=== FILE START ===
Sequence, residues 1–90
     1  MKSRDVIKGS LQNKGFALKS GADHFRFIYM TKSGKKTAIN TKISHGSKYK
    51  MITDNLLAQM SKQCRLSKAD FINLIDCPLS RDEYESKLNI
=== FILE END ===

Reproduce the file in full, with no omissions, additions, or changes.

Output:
Sequence, residues 1–90
     1  MKSRDVIKGS LQNKGFALKS GADHFRFIYM TKSGKKTAIN TKISHGSKYK
    51  MITDNLLAQM SKQCRLSKAD FINLIDCPLS RDEYESKLNI